RESTORATIVE justice entails the need for victims and perpetrators to understand each other in order for them to be accepted in society, an expert says.
Professor Howard Zehr said people needed to make the legal system work if they were to live a peaceful life.
The co-director of the Conflict Transformation Programm at the Eastern Mennonite University in United States was speaking at a public lecture on the promise and challenges of restorative justice at the University of the South Pacific on Monday evening.
He said something good about the Western legal system was that it made people pay for the crimes they committed.
He said victims needed a lot of answers on why a crime was committed against them, they needed to tell the truth in order to receive justice and they needed empowerment to be able to face the world.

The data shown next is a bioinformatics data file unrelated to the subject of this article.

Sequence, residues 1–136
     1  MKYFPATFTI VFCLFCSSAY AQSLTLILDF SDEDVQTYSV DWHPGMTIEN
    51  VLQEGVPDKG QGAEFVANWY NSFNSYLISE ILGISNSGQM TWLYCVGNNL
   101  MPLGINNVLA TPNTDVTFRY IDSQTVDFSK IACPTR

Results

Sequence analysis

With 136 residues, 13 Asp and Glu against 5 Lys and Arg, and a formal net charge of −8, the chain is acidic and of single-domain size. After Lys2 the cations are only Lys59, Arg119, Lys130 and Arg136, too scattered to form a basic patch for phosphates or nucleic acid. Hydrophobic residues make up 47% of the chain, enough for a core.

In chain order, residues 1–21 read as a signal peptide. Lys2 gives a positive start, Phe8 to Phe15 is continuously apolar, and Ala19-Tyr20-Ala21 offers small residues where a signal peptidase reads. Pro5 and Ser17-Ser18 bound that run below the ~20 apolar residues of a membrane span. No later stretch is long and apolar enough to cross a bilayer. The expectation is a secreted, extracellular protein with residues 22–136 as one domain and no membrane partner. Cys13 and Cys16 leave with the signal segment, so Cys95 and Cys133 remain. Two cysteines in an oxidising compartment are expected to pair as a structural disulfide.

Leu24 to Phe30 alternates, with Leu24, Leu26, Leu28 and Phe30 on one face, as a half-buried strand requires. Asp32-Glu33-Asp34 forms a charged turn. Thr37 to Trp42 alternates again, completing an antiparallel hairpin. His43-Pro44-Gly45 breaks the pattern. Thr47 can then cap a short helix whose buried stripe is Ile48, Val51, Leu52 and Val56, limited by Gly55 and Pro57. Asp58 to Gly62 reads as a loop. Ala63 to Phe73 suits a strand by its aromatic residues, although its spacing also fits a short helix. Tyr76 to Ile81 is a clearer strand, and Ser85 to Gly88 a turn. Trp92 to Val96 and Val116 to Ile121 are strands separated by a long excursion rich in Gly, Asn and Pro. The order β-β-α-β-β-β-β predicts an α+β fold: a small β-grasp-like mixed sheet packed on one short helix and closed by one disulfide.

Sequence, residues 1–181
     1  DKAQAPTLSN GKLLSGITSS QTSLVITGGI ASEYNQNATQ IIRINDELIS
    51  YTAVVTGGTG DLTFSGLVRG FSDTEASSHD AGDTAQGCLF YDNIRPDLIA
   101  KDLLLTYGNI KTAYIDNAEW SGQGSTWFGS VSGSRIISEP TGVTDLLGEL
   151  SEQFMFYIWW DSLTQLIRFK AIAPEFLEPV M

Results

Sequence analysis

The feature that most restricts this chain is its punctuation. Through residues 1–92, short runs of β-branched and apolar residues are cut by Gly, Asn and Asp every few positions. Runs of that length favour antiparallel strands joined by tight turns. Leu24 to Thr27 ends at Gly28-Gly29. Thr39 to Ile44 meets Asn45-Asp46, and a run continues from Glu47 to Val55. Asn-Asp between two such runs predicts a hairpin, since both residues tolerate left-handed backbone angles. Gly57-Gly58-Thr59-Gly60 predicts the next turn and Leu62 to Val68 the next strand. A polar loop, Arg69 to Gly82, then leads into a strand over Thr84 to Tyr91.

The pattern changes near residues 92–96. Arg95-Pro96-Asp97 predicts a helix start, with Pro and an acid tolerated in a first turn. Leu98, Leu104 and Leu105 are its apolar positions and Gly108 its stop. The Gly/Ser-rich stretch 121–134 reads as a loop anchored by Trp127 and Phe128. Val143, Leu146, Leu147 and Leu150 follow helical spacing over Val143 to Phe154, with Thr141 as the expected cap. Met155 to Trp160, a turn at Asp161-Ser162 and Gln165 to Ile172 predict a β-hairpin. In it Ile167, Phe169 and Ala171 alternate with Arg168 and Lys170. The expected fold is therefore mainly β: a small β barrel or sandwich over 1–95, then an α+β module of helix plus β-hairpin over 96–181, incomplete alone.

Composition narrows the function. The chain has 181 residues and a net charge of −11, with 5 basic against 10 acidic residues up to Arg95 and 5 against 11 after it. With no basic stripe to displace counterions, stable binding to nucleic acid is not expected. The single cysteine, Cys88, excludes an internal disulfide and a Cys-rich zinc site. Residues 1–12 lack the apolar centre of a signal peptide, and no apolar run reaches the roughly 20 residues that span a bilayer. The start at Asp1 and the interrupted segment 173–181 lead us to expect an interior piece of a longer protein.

“Restorative justice has a set of consistent values. We tend to bring systems from outside and regulate it into our own to make it work,” he said.
For offenders, Proffessor Zehr said there needed to be acceptable ways of dealing with shame in society.
Doctor Steven Ratuva of the Pacific Institute of Advanced Studies in Development and Governance said while a lot of people in Fiji used restorative justice, many of them did not understand it.
He said while the concept was relatively new it had been practiced for a long time.
Proffessor Zehr is the author of numerous books and articles and an adviser to a number of international organisations and governments.
The Ecumenical Centre for Research, Education and Advocacy, which co-ordinated his visit, said it was timely that we create the space to continue discussions on the issue.